Scientists find strange “Yellow Brick Road” at the bottom of the Pacific Ocean

Given how long humanity have called the Earth home, it is truly astounding that there are still so many unexplained events, so much to comprehend, and so much to learn.Because of the internet and the ease of communication it enables, we are more connected than ever.

This suggests that it is possible to transmit the secrets and marvels of the natural world simply by pressing a button. Debatable issues and theories can be discussed since everyone has access to information that they would not have had a century ago.

As a result, we felt obligated to let our readers know about a remarkable discovery that researchers made underwater in the Pacific Ocean.

According to accounts, an excursion to a deep-sea ridge just north of the Hawaiian islands turned up an underwater “yellow brick road”The expedition team’s objective, according to sources, was to investigate a split in Hawaii’s Lili’uokalani Ridge Seamounts.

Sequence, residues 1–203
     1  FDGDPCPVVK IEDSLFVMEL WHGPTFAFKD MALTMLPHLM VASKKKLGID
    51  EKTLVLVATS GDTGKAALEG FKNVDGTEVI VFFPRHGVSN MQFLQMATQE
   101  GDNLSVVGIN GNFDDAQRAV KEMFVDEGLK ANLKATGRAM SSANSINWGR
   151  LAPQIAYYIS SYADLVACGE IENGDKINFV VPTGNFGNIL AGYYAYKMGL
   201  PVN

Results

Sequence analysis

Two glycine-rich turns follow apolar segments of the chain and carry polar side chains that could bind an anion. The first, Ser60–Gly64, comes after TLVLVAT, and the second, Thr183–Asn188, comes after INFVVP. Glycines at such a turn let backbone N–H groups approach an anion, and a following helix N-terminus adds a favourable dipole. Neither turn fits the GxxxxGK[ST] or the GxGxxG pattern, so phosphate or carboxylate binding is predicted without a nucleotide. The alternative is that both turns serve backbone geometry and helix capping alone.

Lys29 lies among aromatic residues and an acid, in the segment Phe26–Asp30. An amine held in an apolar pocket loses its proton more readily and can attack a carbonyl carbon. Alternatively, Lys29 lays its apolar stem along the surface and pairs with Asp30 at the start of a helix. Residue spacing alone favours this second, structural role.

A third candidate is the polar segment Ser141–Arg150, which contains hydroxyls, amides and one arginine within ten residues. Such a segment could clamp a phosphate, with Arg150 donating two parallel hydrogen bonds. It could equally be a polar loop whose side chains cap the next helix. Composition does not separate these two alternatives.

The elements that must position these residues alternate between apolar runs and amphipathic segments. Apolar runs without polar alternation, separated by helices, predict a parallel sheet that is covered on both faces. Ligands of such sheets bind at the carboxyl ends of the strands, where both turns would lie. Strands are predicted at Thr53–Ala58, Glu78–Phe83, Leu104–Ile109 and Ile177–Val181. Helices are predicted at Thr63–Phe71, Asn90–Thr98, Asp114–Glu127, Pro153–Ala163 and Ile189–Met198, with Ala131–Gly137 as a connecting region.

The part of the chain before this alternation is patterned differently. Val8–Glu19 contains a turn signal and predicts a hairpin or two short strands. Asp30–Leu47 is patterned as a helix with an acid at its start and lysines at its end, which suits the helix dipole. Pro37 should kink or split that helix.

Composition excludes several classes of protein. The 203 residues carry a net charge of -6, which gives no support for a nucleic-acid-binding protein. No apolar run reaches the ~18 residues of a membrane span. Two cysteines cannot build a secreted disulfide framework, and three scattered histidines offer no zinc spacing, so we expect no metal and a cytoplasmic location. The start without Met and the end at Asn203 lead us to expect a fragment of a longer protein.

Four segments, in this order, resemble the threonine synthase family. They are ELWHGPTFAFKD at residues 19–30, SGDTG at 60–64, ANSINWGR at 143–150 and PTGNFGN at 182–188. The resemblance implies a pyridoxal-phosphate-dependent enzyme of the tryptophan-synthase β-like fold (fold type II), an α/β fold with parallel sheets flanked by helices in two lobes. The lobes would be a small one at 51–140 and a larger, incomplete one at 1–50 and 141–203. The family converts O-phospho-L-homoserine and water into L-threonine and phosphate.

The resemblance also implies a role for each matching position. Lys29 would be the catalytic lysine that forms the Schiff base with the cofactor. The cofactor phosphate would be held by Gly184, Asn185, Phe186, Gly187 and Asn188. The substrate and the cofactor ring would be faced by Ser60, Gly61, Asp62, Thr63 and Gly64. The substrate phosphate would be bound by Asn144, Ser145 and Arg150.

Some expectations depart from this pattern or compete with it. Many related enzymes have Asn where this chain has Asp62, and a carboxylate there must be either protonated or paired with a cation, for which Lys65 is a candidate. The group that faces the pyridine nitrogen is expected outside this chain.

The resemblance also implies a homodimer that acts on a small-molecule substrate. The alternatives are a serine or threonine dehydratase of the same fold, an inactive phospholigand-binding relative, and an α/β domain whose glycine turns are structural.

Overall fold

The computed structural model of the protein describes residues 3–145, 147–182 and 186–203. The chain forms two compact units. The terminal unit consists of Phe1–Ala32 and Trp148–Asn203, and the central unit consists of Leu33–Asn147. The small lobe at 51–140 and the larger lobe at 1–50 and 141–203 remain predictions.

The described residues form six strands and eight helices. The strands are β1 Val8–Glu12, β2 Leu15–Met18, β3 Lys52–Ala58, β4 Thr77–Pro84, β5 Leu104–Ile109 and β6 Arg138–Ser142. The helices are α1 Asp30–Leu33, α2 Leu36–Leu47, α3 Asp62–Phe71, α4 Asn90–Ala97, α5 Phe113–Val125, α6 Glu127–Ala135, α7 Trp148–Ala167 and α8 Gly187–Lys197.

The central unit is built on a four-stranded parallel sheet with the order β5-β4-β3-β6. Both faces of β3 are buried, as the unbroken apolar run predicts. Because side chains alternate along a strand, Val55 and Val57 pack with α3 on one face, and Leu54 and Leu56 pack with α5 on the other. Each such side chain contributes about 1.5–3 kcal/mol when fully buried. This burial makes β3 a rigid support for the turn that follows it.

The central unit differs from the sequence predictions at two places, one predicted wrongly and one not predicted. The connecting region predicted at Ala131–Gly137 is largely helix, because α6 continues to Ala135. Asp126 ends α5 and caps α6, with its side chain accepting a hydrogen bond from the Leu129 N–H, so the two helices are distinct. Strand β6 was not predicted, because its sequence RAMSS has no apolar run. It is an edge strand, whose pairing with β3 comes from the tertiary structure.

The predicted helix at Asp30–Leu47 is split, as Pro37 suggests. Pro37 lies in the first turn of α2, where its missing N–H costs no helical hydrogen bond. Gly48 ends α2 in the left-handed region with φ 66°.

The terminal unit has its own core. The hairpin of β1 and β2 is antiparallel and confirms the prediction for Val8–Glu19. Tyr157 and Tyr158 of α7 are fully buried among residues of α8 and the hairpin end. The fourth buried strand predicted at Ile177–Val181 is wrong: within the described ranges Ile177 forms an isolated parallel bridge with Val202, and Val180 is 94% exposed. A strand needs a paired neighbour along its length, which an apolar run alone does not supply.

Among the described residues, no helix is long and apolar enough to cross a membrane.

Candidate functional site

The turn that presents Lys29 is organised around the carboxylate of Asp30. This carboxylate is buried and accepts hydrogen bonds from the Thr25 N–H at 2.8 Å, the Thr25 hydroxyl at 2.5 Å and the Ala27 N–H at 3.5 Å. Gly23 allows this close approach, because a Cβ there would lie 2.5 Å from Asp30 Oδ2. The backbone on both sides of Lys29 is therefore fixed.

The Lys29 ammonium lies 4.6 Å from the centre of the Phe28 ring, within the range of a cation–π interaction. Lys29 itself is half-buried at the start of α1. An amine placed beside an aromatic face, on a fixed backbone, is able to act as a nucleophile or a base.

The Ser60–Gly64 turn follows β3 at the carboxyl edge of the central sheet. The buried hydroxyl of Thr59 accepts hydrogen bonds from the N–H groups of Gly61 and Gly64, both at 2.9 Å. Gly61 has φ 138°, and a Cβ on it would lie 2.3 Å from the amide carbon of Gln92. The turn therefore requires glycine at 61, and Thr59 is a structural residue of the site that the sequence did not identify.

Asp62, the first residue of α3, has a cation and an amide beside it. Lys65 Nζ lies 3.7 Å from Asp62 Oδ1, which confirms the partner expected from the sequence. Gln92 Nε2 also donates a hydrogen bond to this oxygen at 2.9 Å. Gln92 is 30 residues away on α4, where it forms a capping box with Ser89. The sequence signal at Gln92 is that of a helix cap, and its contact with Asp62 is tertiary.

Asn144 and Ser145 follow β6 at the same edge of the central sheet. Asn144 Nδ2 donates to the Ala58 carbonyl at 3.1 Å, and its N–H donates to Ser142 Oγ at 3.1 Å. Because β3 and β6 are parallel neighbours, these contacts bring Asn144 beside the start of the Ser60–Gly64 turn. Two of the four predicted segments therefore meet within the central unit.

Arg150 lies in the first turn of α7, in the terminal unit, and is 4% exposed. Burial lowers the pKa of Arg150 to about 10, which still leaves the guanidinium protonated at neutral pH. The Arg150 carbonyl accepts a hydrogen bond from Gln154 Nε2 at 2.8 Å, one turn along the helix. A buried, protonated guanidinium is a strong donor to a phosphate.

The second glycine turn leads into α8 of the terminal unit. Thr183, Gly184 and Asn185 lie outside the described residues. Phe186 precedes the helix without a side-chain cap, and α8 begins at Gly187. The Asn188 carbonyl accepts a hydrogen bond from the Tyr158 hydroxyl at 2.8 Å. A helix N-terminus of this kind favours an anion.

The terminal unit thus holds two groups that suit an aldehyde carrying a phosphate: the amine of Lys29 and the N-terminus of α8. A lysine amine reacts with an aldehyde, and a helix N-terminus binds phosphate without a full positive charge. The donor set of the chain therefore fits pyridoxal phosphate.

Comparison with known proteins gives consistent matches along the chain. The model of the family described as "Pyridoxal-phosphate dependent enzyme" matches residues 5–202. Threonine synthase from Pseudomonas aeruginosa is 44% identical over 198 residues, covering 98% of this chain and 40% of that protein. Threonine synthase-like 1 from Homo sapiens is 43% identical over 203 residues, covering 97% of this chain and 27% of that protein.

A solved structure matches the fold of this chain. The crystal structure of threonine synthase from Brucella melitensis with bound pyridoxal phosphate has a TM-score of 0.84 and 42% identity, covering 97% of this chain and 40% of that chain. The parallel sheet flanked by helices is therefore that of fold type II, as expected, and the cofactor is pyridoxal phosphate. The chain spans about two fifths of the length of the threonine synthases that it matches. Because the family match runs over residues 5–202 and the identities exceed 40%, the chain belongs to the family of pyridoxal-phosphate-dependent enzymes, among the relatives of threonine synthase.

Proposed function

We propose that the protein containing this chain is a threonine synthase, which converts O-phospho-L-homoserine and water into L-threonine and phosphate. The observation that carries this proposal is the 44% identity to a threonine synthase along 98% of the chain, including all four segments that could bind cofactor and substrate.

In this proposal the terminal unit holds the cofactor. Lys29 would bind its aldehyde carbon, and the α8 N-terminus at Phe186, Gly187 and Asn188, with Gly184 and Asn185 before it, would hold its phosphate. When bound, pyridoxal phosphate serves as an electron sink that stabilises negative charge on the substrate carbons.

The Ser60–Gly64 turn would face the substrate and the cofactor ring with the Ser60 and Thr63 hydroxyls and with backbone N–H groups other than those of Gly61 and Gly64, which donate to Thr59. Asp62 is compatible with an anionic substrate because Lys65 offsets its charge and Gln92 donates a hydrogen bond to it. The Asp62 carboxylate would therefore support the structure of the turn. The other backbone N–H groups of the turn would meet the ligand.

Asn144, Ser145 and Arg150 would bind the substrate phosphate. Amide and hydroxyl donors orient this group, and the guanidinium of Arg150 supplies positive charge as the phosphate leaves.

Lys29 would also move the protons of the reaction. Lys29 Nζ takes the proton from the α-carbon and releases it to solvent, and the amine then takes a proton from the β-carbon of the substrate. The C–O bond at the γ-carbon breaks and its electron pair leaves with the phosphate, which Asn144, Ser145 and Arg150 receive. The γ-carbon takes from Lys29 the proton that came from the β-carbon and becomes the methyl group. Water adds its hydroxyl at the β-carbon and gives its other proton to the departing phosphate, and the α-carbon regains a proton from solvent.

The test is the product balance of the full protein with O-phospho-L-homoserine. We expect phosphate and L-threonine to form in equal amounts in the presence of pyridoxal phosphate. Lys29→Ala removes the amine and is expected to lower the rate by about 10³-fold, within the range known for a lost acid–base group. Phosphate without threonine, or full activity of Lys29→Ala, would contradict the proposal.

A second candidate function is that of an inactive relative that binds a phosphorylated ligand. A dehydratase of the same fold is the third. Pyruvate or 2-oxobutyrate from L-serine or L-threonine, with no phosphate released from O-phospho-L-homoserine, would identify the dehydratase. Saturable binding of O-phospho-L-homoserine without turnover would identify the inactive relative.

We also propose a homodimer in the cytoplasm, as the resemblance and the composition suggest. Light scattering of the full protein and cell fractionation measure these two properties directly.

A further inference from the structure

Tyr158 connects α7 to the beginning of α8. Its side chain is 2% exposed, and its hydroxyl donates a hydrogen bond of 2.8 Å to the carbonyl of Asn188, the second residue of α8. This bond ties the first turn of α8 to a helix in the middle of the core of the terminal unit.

The Exploration Vessel Nautilu’s crew used a remotely operated vehicle to find the ‘yellow brick road’ in question, and it seems that they were equally as astounded as many who have seen their video footage since.

The team’s work was live streamed, allowing viewers to watch the precise moment they stumbled upon what uncannily like a road made of yellow rectangular blocks. One of the crew members said, “It’s the way to Atlantis.” Another person added, “The yellow brick road?”

The discovery seemed to astound the researchers as it did anyone who later saw the YouTube video. This is peculiar. Are you for real? The crew member at the time screamed, “This is crazy.” Even though the odd rock pattern aroused a lot of online attention, there is a scientific explanation for it.

In the aforementioned YouTube video, the researchers referred to the structure as “an example of ancient active volcanic geography.”

The video’s description reads, “At the summit of Nootka Seamount, the team spotted a “dry lake bed” formation, now IDed as a fractured flow of hyaloclastite rock (a volcanic rock formed in high-energy eruptions where many rock fragments settle to the seabed).”

View the video here:

It’s hardly Dorothy’s golden brick road, but the finding is nonetheless fantastic.

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